Looking at the past
I’ve been having fun lately looking at some Depression-era photographs of south Louisiana that used to be really hard to find, but are now only a mouse-click away.
Most of us know that President Franklin D. Roosevelt began a series of programs during the Depression designed to help people thrown out of work or off their farms, One of the most controversial was the Resettlement Administration, begun in 1935 to help displaced farmers by moving them to arable land and giving them low-interest loans.
The program was directed by Columbia University economist Rexford Tugwell, who quickly recognized that he had to win a major battle for public opinion to make his program successful.
He decided, among other things, to send photographers across the nation to document rural life, especially poverty on the farm, and, also to help keep bread on the tables of hungry photographers.
This photography program, which eventually fell under the auspices of the Farm Security Administration and Office of War Information, produced 170,000 negatives, 88,000 of which were actually printed into photographs. That collection is now housed in the Library of Congress.
Most of us would recognize some of the most famous of those pictures — the image of a worn, destitute mother staring despairingly into space is probably the best known. They represent a treasure trove of the photography of the era, and until recently most of them were as hard to find as buried treasure.
Unless you knew what you were looking for and where to look, photos of mostly local interest were buried so deep in the library’s archives they were all but impossible to see.
But now a program developed by Yale University lets us search through the collection via the Internet and see what the photographers saw.
The one who visited southwest Louisiana was Russell Lee, probably best known for his documentation of the eviction of Japanese Americans from the West Coast at the beginning of World War II. He brought his camera to south Louisiana in the fall of 1938, hitting Acadia Parish just in time for the 1938 National Rice Festival.
In a week or so he took 256 photos documenting the festival — everything from Crowley businesses being spruced up in anticipation of the event, to folks cooking hamburgers in a concession stand, to the rice-eating competition, to the largest-family contest, to the SLI band and floats during the festival parade — as well as the rice harvest itself, from cutting to milling to bagging.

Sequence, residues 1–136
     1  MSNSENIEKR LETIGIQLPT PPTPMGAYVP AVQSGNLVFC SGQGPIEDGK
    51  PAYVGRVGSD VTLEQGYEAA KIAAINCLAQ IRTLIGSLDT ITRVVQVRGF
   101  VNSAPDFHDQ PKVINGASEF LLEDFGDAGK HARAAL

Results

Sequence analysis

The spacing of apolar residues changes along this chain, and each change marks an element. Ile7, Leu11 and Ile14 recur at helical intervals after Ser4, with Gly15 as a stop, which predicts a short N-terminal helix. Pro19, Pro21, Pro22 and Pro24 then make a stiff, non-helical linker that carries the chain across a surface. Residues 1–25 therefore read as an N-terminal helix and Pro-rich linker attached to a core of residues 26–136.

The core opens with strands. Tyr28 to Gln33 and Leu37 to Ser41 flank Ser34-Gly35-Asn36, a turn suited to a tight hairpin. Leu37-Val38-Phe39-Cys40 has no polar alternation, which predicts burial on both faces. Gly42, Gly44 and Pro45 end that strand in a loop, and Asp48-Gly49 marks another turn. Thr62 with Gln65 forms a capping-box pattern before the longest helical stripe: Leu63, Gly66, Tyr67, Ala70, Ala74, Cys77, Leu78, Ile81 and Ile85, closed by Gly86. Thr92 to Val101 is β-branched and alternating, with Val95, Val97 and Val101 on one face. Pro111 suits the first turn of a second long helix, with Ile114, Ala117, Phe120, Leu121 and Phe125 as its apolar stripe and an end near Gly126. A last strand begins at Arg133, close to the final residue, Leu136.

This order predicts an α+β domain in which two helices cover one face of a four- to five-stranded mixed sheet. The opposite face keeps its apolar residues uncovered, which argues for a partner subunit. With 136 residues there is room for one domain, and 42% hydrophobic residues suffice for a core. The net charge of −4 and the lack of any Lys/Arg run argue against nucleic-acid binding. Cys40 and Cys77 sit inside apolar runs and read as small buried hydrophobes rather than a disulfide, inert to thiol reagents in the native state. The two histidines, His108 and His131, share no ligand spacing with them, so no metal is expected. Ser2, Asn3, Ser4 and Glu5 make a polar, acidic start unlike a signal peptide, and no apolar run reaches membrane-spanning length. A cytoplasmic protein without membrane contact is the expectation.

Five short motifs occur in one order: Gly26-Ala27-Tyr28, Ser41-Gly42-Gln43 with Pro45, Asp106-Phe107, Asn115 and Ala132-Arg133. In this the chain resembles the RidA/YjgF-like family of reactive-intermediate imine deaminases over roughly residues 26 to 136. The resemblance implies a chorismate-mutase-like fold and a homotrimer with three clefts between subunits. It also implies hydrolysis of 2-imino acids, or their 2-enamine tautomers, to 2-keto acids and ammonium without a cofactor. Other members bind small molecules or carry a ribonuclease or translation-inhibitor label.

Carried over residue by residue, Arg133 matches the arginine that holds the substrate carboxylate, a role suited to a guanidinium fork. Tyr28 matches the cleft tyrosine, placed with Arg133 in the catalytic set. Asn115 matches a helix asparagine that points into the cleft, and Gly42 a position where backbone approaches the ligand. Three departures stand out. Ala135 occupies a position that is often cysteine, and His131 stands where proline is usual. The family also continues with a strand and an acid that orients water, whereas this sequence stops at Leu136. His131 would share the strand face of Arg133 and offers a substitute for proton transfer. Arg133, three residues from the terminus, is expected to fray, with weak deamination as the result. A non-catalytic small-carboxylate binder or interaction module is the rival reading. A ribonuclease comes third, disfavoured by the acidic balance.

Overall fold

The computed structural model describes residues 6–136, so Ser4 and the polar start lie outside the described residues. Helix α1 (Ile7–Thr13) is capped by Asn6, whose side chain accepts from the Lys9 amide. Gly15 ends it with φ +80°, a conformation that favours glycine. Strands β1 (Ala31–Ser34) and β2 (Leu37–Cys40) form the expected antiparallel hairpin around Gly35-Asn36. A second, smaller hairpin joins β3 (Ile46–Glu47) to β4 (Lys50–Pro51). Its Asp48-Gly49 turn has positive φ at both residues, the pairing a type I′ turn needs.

The Acadia Parish collection also includes photos of several farms, particularly the Joseph LeBlanc farm near Crowley, a fais do-do, and photos from Rayne including the Louisiana Frog Company sign, “Phone 96,” and an amateur boxing match.
A good number of the 80 photos from Vermilion Parish continue to document rice milling and packaging operations, but there is also a series of photos of a Madame Dronet spinning and weaving cotton, portraits of several sugarcane farmers from the Erath area, an Abbeville restaurant sign advertising raw oysters for a nickel a dozen, and a series of shots from an Abbeville junkyard illustrating everything from a display of Model T parts to one labeled “wheels, tires, and general junk.”
The sugar industry is further documented by a large number of the 134 photos made in Iberia Parish, but there are also photos of a migrant chair maker and another of a migrant stove maker who were working near Jeanerette. (Remember, these were the Depression days and lots of people were tramping the roads to find whatever work they could wherever they could.)
Two dozen photos from St. Martin Parish include — of course — the St. Martinville church and the statue of Evangeline, but also the Evangeline Hot Sauce factory, and the sugar mill and an Acadian home in Breaux Bridge,
Among a dozen photos from St. Mary Parish are a series of Jean Broussard, identified as a “Cajun truck driver.” In several of them he is talking to a state trooper. The photographer doesn’t say how that conversation between trucker and trooper got started, but they appear amicable enough in the picture.
You can look at the photos yourself by going to http://photogrammar.yale.edu and following the instructions there.
You can contact Jim Bradshaw at firstname.lastname@example.org or P.O, Box 1121, Washington LA 70589.